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ZGram: Where Truth is Destiny

June 6, 2000

Good Morning from the Zundelsite:

Here I am taking up where I left off yesterday, posting Professor Kopanski's essay on life in the Gulags.

If anybody thinks that Auschwitz and the Gulags were "comparable", I want to pose this question:

"How many Gulag survivors do you know who go around building museums and memorials at taxpayers expense, shake down entire nations for "reparations" and "protection" money, and put you in prison for questioning their self-serving interests?"

Six thousand Polish captives from Ostashkov and Starobielsk were transported to the Ukrainian town of Dergachi near Kharkov and executed in a similar way as in Katyn. Others were relocated to the coast of White Sea, placed on board (of) two vessels and sunk in the icy waters.

The mass executions of the Polish captives were organized by Y. Raichman, a commissar of NKVD under direct commands of Lavrentyi Beria.

But the most savage death toll came later, in slave camps of Kolyma and Uzbekistan, where inmates, women, men and children never survived longer than two years. 7

In the Kolyma gold mines, the annual death rate of Polish slaves alone rose to more than 50 percent in 1940. After 8 hours of inhumanly hard work, they received a bowl of potato soup and a slice of frozen black bread. My relative survived the Siberian death camp because he ate raw dead owls and small rodents. In the death and labor camps of Kolyma more than 3 million prisoners died between 1935 and 1955.

Polish, German, Rumanian and Finnish war prisoners who worked in the gold fields were the third generation of Soviet slaves. Working bulldozers sometimes excavated a huge mass grave and scraped up these stiffened bodies, thousands of bodies, thousands of skeletal corpses, twisted fingers, putrefying toes, frozen stumps . . .

Prisoners and slaves of the Vorkuta and Pechora camps who worked in temperature below zero, coerced by the desperate instinct of survival ate their own vomit and even flesh of killed fellow prisoners. They were too weak to escape or to resist.

One Polish survivor described the human phantoms of Kolyma camps: It was a procession not of human beings, but of corpses and trunks. The majority had neither noses, lips or ears. Female slaves in the Gulag were constantly raped by the camp guards who infected them with syphilis.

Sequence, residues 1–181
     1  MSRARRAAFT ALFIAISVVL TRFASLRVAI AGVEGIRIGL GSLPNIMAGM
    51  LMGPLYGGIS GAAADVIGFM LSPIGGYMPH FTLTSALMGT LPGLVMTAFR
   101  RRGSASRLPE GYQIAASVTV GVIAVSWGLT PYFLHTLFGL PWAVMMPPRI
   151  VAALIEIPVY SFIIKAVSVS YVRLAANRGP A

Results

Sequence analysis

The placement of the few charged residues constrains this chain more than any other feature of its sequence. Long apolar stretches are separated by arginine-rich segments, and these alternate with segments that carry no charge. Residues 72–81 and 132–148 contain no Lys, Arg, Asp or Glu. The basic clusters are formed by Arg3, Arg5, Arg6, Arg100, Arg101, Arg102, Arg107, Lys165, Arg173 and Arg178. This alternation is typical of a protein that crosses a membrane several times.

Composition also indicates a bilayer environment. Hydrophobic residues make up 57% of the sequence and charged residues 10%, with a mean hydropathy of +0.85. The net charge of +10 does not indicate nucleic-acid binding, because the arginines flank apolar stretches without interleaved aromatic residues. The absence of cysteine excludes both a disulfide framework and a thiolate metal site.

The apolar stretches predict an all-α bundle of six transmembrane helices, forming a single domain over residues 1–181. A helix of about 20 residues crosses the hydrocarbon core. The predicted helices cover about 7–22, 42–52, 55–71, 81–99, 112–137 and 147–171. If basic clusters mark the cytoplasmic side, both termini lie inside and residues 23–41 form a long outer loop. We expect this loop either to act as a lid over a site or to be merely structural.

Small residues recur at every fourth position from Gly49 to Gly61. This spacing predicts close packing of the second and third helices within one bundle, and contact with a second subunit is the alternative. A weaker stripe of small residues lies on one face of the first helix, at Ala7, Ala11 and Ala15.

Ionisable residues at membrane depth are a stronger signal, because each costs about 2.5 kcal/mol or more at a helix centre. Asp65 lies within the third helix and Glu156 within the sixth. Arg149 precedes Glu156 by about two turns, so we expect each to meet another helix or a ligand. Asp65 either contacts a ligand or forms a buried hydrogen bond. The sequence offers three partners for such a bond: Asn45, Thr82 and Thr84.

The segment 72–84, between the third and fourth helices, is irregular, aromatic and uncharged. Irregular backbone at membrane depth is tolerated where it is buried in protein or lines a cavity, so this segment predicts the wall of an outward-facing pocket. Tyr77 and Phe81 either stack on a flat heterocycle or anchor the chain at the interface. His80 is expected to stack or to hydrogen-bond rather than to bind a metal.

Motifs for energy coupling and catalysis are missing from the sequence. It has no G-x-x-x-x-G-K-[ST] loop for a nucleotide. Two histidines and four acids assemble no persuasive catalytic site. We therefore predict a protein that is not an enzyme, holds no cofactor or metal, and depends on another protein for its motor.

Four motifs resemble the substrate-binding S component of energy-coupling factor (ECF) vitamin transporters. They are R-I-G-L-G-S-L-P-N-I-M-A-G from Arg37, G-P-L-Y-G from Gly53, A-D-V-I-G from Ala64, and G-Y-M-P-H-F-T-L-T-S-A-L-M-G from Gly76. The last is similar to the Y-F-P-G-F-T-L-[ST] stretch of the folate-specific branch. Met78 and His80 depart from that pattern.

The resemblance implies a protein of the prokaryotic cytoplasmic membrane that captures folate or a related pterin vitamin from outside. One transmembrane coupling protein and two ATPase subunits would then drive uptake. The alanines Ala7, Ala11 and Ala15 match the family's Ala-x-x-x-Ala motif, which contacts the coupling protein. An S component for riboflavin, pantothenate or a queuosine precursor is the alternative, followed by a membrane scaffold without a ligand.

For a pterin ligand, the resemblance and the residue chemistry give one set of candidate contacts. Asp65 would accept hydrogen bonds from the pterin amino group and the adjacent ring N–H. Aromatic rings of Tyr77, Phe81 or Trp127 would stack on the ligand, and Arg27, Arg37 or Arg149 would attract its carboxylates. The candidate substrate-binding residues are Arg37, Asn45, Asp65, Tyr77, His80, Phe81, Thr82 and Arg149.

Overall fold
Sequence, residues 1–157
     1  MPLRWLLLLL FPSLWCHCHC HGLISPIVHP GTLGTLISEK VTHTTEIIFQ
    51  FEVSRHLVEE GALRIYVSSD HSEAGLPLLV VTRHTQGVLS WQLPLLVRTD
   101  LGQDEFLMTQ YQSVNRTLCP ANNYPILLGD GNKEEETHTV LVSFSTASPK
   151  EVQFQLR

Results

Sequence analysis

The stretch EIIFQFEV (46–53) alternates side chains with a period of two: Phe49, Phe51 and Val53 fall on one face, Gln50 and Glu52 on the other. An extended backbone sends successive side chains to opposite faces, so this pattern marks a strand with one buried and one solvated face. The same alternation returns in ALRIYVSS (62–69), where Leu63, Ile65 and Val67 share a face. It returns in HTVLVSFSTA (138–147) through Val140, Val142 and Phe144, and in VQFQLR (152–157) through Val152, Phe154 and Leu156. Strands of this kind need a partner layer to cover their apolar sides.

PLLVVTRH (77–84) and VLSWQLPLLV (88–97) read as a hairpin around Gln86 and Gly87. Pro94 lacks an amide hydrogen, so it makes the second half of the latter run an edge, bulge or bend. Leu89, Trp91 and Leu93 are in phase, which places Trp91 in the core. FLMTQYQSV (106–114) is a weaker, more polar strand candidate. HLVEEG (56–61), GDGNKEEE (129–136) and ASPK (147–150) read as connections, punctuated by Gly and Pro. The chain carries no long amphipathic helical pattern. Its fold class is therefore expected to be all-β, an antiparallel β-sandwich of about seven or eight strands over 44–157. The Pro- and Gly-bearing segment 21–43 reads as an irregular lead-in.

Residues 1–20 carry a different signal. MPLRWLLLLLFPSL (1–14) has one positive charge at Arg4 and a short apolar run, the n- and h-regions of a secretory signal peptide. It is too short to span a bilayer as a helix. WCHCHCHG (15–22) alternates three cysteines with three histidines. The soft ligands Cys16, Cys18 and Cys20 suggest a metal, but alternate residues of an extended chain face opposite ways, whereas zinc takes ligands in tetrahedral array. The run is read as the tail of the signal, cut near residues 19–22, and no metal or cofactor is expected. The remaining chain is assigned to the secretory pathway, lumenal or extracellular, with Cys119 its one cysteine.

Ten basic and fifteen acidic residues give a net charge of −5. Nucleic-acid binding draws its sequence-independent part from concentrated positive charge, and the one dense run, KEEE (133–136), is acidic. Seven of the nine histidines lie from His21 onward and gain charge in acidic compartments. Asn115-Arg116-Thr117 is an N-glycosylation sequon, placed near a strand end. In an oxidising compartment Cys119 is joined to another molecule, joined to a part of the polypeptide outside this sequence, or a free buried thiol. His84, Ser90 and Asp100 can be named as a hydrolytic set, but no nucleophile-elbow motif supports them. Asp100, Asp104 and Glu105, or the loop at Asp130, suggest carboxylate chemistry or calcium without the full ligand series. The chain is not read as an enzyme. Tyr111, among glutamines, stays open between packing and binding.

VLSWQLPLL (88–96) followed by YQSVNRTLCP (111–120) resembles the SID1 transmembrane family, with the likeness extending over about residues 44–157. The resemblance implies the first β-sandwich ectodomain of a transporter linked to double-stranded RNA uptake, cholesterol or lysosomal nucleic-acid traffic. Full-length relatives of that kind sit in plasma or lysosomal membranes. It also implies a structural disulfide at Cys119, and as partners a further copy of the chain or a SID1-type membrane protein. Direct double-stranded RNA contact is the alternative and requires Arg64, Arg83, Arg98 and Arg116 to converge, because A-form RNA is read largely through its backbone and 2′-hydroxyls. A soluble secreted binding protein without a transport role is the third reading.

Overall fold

The cheapest and the most efficient Soviet weapons of mass killing were frost, starvation and exhaustion by hard labor.

After the invasion of Poland in 1939, the Red Army committed several horrifying war crimes in the city of Lviv (Lwow, Lvov, Lemberg, Leopolis). But Rockwell Kent, an American tourist and "humanist", who was in the eastern Poland (western Ukraine) during the Soviet attack, greeted the Red Army.

The Soviet invaders who now liberated Ukraine from the yoke of Polish landlords, installed their own Bolshevist dictatorship in the formerly Polish - occupied ziemie. To protect the Red Ukraine against the Ukrainian and Polish reactionaries, the Soviet commissars converted the old Catholic convent of the St. Brigide Order into one of the worst prisons in the eastern Europe, where thousands of Ukrainian and Polish patriots were tortured to death by NKVD-men.

When the German army entered Lviv in June 29, 1941, they found in every cell of Brigidki jail a layer of a viscous mass. Dead bodies were stacked four or five (feet?) deep on the cell floors. The Soviet policemen murdered about 3,500 prisoners before their retreat.

A Polish woman who visited the prison on June 30 reported:

I saw a table in a room covered with many corpses that had been beaten to a pulp. One dead man was seated in a chair with a bayonet sticking out of his mouth. I saw the dead body of a small girl aged about eight years, hanging from the ceiling lamp.

Another Polish witness saw more savage examples of the Soviet purge:

Among other bodies, I saw a female corpse, one of whose breasts had been cut off, whilst the other was deeply lacerated. Another woman's abdomen had been cut open; she had been pregnant. From the open wound, the head of an unborn child stuck out.

All the teeth had been broken from the mouth of a male corpse. A small girl was dressed on the upper part of her body, whilst the lower part was naked and smeared all over with blood, especially near her private parts.

Nikita S. Khrushchev, the chief of the Ukrainian Communist Party, had ordered mass murdering of all suspected Quislings, Petains and other potential opponents of the Soviet regime. At Vinnitza, the German army discovered other Soviet killing fields and the mass graves of executed enemies of scientific socialism. In 1943, a team of Wehrmacht investigators uncovered nearly 10,000 corpses of Ukrainian victims of the Great Terror. The Germans published a photocopy of the report with the terrifying photographs.

Commissar Rapaport, known as The Beast, a supervisor of the mass killing of Ukrainians in Vinnitza and the man known even among his cruel henchmen as a sadistic psychopath, personally shot several prisoners.

In 1944, Stalin told the Polish premier Stanislaw Mikolajczyk that he had liquidated 20,000 Ukrainian nationalists and conscripted another 200,000 suspected Ukrainian enemies of the Soviet Union into the Red Army. 15

After the stunning victories of the Germans and massacres of the prisoners by Beria's executioners, in several Siberian labor camps the Soviet slaves rose up against their opressors. In 1942, the slave uprising broke out in Ust- Usalpechora and Vologda Gulag camps. Polish prisoners of Vorkuta were astonished by the fact that millions of Soviet slaves prayed for liberation by the armies of Hitler.